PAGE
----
Civil society on the ladder to the World Summit on the Information Society
The 2. preparatory conference (PrepCom2, Geneva, 17. – 28. February 2003) to the December 2003 "World Summit on the Information Society" In its first half, the World Summit on the Information Society (WSIS) has concentrated primarily on clarifying the procedural and substantive starting positions. The summit will get down to business today, when the individual groups – governments, civil society and industry – enter into concrete negotiations on the final documents of the summit – a declaration and a program of action (cf. also the "Civil Society" and the World Information Society).
The first week belonged to the visionaries. In twenty roundtables, workshops, and lectures, the "Knowledge Trager" of the world – from Lawrence Lessig (Stanford University), Robin Mansell (London School of Economics), Cees Hamelink (University of Amsterdam) and Francis Cairncross (The Economist) to Maria Cattaui (International Chamber of Commerce), Bruno Lanvin (World Bank), Latif Latid (Ericsson) and Lauren Hall (Microsoft) – share their ideas about the global information society of the 21st century. Century. The digital divide should be overcome, information technologies should make a significant contribution to sustainable development, the right to communication for everyone must be guaranteed as well as access to knowledge and networks. Cyberspace should be protected from criminals, and the privacy of the individual should not be released for unauthorized state snooping. Intellectual property should be protected without compromising the free exchange of ideas and information. The list of topics grew longer with each day of the conference.
But while the visions were thrown on the screen via PowerPoint in the rough halls of the UN City in Geneva and a tripartite cooperation between governments, business and civil society was conjured up, behind the scenes the political disputes about procedures and content were already beginning.
The 1. The 2nd Preparatory Conference (PrepCom1) ended in June 2002 with the creation of a Sub-Committee on Content and Themes (Sub-Committee 2 on Content and Themes), in which only governments are represented. The argument put forward by governments that they wanted to listen to the voices of non-governmental representatives, but that the negotiations themselves were exclusively their business, was rejected by the (top down) "Excluded" criticism from the (top-down). The argument that, in view of the confusing diversity of hundreds of non-governmental groups, one does not even know with whom one should talk about what, however, also mobilized a reflection among the accredited representatives of the business community and civil society organizations (CSOs) about how one should constitute oneself in order to be taken seriously as a negotiating partner of governments and to be able to make an independent contribution to the success of the summit, which goes beyond the "family concept" "Consultation" of or "Lobbying" with the governments.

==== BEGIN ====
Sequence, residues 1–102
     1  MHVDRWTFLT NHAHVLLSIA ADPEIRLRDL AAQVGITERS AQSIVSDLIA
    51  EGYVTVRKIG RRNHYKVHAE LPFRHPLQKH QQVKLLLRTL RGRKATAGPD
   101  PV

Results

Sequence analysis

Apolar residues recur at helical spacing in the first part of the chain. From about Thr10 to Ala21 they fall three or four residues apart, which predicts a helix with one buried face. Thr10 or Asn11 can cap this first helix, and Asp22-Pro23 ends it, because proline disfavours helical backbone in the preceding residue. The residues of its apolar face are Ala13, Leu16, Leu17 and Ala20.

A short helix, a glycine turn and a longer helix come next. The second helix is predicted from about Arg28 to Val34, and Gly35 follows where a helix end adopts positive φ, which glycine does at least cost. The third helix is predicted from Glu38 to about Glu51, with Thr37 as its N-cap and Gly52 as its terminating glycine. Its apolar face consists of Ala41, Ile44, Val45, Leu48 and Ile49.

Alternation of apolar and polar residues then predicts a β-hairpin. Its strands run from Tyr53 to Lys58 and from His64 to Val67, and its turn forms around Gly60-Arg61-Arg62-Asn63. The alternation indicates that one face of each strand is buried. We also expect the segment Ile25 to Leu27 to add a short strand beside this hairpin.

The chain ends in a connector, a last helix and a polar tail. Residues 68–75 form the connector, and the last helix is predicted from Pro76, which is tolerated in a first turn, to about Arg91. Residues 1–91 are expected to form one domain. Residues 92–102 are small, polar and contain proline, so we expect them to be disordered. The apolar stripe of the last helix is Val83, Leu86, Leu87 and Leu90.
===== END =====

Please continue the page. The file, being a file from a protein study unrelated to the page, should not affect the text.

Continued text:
On the one hand, the private sector formed a "Business Contact Committee", which is now being run by the "International Chamber of Commerce" (ICC), which is coordinated by the ICC and to which rough global networks of the private sector – from the "Global Business Dialogue on eCommerce" (GBDe) to the "Global Information Infrastructure Commission" (GIIC) – which in turn includes companies such as IBM, Bertelsmann, AOL/TimeWarner, Fujtsu, Nokia, Hewlett Packard, Ericsson, DaimlerChrysler, Cisco, Microsoft, Siemens, Intel, Vivendi, Telefonica, etc. represented.
On the other hand, civil society attempted to develop a more effective negotiating position through the "Civil Society Coordinating Group" structure and organize the content of the CSOs’ input. In December 2002, the coordination group submitted a comprehensive working paper to the WSIS secretariat on all substantive points of the summit, thus demonstrating that, despite the incalculable diversity of the CSOs, important groups can indeed develop negotiable positions on essential ies, an ability that had hitherto been largely denied to the CSOs.
Civil Society Family: A New Internal Structure for Civil Society
Also with regard to the development of a workable internal structure of the sometimes somewhat chaotic civil society discussions, a kind of breakthrough was already achieved in the run-up to PrepCom2. The proposal that the CSOs should initially organize themselves into somewhat more manageable groups, depending on their origins and interests, was accepted "families" organize and then form its own coordination bureau, proved to be quite productive. Within a few days, the originally envisaged ten CS families had grown into 21 groups. This now includes "Families" such as those for social movements, for media, for trade unions, for teaching and research, for think tanks, for science and technology, for sustainable development, for non-governmental organizations, for women, for youth, for regionally active CSOs and NGOs, etc., etc. The "family concept" allows practically any organization to join a family or even to found a new family. This allows groups that have operated in isolation up to now to combine their voices and lend greater weight to their views and goals.
Critics within civil society immediately feared that the "Family concept" to an "disenfranchisement of the grassroots" by a "from top" (top down) appointed "Family Council" and become "Verburocratization" of the whole WSIS process. However, in turbulent discussions among over 500 civil society representatives who had traveled to the conference, the realization finally prevailed that without a structured approach, civil society as a whole would deprive itself of its potential influence. Under the condition that the "Family concept" must not undermine the sovereignty of the individual organizations and the principle of the "Policy development from below" (bottom up) approach had to be strictly adhered to, the majority of the representatives present finally agreed to the proposal.
This consensus paved the way for the formation of an "Civil Society Bureaus" for procedural ies, to which each family can send a representative. In the coming years, this office will work with the Executive Secretariat of the Summit and, above all, with the office of the UN member states to clarify the modalities of interaction between governments and civil society. At the same time the "civil society content coordination group" about 15 topics oriented "Content Groups", who are now taking care of the respective ies in detail.